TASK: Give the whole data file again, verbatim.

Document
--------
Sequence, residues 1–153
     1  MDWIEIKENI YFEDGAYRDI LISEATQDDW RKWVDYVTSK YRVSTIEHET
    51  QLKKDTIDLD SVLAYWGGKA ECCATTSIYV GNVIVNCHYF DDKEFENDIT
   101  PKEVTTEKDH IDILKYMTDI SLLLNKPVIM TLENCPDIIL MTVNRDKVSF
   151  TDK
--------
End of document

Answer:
Sequence, residues 1–153
     1  MDWIEIKENI YFEDGAYRDI LISEATQDDW RKWVDYVTSK YRVSTIEHET
    51  QLKKDTIDLD SVLAYWGGKA ECCATTSIYV GNVIVNCHYF DDKEFENDIT
   101  PKEVTTEKDH IDILKYMTDI SLLLNKPVIM TLENCPDIIL MTVNRDKVSF
   151  TDK